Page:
“I didn’t feel like I didn’t belong on the field,” Perabo said. “That was kind of my requirement. I didn’t want people to think, ‘Oh my gosh, what is she thinking?’ And I didn’t feel that way. The team was fine with it. They said ‘OK.’ The coaches said ‘OK.’ It was a very different time, obviously, in Webster sports.”
… As Perabo waited for the Principia College pitcher to deliver, she heard the whispers from the stands. “Is that a girl?” “Look, that’s a girl batting.” “Oh my gosh.” Perabo shrugged it off. The pitch came. Fastball, right down the middle. Perabo stood sheepishly with the bat resting on her shoulder. Strike one. Perabo steadied herself for the next pitch. Another fastball. Same location, same result. Perabo didn’t flinch. Strike two. She stepped away from the plate, took a few breaths, then told herself she had to swing. She couldn’t just stand there and watch three straight strikes without taking a hack. It was now or never. Perabo hopped back into the box and gripped her bat. The third pitch was on its way. It looked good. Perabo swung away…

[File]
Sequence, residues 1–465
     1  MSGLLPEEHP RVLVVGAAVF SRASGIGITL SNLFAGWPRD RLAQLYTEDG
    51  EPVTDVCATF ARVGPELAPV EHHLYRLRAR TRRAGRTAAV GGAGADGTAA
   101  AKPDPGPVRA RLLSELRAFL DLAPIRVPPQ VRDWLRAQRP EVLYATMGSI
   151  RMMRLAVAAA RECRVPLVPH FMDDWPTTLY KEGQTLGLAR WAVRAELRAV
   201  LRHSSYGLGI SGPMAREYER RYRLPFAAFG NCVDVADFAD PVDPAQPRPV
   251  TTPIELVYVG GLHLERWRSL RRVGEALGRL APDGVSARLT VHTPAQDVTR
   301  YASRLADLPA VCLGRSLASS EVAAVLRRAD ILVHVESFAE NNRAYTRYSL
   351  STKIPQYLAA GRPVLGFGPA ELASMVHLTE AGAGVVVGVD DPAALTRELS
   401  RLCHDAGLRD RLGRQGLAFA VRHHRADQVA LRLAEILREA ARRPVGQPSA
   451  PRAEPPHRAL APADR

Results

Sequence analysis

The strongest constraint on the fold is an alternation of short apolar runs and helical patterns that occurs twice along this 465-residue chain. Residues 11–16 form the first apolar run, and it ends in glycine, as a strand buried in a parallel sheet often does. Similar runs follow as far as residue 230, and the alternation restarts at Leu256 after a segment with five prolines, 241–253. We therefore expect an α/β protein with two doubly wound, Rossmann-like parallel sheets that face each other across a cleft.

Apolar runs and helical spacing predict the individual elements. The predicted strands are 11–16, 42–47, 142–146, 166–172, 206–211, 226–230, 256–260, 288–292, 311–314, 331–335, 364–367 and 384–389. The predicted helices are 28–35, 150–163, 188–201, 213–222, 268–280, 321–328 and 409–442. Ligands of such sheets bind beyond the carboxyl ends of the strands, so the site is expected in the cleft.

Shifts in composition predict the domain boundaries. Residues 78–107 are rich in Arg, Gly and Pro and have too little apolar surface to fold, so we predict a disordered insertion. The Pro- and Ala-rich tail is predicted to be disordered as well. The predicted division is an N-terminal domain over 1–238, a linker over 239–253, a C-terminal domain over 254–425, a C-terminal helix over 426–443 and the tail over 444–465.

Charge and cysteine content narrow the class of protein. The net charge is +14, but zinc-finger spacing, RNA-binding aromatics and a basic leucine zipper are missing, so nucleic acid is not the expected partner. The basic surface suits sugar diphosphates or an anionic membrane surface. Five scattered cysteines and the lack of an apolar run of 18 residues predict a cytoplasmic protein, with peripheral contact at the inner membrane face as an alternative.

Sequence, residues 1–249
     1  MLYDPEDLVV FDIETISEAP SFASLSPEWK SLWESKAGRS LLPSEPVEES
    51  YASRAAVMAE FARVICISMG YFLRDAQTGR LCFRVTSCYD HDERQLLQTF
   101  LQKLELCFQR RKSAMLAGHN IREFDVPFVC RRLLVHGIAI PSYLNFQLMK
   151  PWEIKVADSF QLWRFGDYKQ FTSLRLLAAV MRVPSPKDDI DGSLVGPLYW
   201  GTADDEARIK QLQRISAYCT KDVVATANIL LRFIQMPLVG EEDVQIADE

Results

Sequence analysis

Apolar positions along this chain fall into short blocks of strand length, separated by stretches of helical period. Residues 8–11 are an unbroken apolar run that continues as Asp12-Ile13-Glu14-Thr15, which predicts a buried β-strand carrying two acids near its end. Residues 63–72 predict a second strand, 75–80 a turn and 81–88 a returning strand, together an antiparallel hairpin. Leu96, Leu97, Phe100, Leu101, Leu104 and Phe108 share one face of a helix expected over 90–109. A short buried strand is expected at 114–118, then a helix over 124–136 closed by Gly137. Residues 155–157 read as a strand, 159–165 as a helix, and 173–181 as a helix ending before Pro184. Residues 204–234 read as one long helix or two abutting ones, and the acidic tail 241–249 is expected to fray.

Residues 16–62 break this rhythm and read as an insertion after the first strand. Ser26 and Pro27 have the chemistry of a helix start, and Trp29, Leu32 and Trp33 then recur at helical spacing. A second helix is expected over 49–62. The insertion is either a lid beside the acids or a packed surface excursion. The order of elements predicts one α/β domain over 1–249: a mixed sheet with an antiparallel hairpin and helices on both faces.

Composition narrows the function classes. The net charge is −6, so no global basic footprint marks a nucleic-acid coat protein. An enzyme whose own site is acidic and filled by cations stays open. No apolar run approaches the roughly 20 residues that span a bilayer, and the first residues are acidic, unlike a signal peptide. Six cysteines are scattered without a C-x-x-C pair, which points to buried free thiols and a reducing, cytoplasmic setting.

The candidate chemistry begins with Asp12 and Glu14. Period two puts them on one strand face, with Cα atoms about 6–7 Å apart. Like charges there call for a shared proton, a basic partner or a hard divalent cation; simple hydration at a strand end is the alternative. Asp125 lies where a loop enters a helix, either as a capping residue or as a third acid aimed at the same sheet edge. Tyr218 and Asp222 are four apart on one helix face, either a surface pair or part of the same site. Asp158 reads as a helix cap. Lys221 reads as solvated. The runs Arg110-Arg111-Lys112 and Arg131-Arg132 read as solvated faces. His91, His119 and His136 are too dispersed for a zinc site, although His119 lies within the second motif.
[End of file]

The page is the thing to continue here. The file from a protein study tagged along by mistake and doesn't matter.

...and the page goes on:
Perabo didn’t know it at the time she joined the team — no one did — but she was about to make history by becoming the first woman to play NCAA baseball. It’s an achievement that was later commemorated in the National Baseball Hall of Fame for several years. Webster honored Perabo this past February by giving her the Pioneer Award at the Athletics Hall of Fame induction ceremony.
All excellent awards now, but at the time of her playing days, Perabo just wanted to fit in, not stand out.